What Pachauri calls ”business opportunities” are termed by others ”financial disaster.” Companies from developed countries that export operations to places like India leave unemployment at home and reap a hefty profit from selling their carbon permits in the global carbon trading market. Consider what happened to 1,700 steel workers from Teesside in northeast England. They lost their jobs when the steel giant Corus announced plans to close two plants and expand operations in India through its parent company, the Tata Group. After the move, Tata sold its English carbon permits for £1.2 billion, as reported by the Express.
Unencumbered by carbon restrictions in India, Tata continues belching CO2 into the atmosphere at a rate that would make Pachauri’s head spin — with delight. You see, the head of the IPCC is also director-general of The Energy and Resources Institute (TERI), a privately owned climate change think tank established by Tata in 1974. Originally known as the Tata Energy Research Institute, TERI is still solidly linked to Tata despite Pachauri’s claims to the contrary. According to the Telegraph, TERI lists one of the Tata companies among its corporate sponsors, ”several directors of Tata serve on TERI’s Business Council for Sustainable Development, and one senior director servers on Teri’s Advisory Board.”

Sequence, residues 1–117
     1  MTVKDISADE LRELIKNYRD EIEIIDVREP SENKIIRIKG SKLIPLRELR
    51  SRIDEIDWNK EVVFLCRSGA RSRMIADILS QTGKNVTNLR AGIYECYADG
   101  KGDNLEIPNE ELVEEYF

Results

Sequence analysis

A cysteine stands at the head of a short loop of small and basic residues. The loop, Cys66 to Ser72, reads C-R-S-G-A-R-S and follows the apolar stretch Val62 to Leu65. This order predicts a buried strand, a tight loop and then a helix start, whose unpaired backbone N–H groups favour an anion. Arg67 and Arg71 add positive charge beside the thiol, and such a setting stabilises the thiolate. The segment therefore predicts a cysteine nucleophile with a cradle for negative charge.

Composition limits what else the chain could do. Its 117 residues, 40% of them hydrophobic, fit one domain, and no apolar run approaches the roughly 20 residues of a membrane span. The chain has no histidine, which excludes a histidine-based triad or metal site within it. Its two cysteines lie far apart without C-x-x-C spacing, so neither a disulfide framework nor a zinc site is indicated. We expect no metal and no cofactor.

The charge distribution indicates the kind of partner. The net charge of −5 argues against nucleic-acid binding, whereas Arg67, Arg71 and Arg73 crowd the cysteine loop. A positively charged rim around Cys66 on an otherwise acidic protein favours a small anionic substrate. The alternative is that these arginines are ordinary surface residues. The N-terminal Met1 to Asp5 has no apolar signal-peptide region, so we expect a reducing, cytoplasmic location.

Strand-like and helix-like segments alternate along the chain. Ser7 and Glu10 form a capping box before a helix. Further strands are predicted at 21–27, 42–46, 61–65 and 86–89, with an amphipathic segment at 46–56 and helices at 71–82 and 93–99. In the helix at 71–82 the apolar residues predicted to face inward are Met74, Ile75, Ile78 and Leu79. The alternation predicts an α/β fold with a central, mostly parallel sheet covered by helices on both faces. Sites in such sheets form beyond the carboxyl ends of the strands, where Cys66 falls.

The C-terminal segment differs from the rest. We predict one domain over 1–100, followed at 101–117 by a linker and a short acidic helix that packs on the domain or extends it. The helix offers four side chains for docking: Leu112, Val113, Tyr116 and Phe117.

But that is only the tip of the iceberg. The Telegraph also recently reported that Pachauri maintains ”an astonishing worldwide portfolio of business interests with bodies which have been investing billions of dollars in organizations dependent on the IPCC’s policy recommendations.” The article went on to mention a host of links with climate change groups that present such a considerable conflict of interest that skeptics at Copenhagen called for Pachauri’s dismissal as IPCC chairman. Consider the following from the Telegraph article:
Dr. Pachauri serves on the advisory board of the Chicago Climate Exchange, the largest and most lucrative carbon-trading exchange in the world. In 2007 he was appointed to the advisory board of Siderian, a San Francisco-based venture capital firm specializing in ‘sustainable technologies.’ In 2008 he was made an adviser on renewable and sustainable energy to the Credit Suisse bank and the Rockefeller Foundation. He joined the board of the Nordic Glitnir Bank as it launched its Sustainable Future Fund, looking to raise funding of £4 billion. He became chairman of the Indochina Sustainable Infrastructure Fund and also became a director of the International Risk Governance Council in Geneva, set up by EDF and E.On, two of Europe’s largest electricity firms, to promote ‘bio-energy.’ [In 2009] Dr. Pachauri joined the New York investment fund Pegasus as a ‘strategic adviser’ and was made chairman of the advisory board to the Asian Development Bank, strongly supportive of CDM (or Clean Development Mechanism, the UN’s profitable carbon-trading market).